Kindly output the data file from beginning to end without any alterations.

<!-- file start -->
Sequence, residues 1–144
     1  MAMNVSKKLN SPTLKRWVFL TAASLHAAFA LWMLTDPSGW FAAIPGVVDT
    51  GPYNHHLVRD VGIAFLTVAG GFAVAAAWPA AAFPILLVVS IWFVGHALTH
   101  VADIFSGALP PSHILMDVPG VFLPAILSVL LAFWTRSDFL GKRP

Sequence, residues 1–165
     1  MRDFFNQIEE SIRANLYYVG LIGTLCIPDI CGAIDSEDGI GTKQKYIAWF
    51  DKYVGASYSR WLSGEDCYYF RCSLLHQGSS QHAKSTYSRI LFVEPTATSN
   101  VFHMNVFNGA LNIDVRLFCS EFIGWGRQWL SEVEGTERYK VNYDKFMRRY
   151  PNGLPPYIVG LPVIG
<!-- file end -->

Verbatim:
Sequence, residues 1–144
     1  MAMNVSKKLN SPTLKRWVFL TAASLHAAFA LWMLTDPSGW FAAIPGVVDT
    51  GPYNHHLVRD VGIAFLTVAG GFAVAAAWPA AAFPILLVVS IWFVGHALTH
   101  VADIFSGALP PSHILMDVPG VFLPAILSVL LAFWTRSDFL GKRP

Sequence, residues 1–165
     1  MRDFFNQIEE SIRANLYYVG LIGTLCIPDI CGAIDSEDGI GTKQKYIAWF
    51  DKYVGASYSR WLSGEDCYYF RCSLLHQGSS QHAKSTYSRI LFVEPTATSN
   101  VFHMNVFNGA LNIDVRLFCS EFIGWGRQWL SEVEGTERYK VNYDKFMRRY
   151  PNGLPPYIVG LPVIG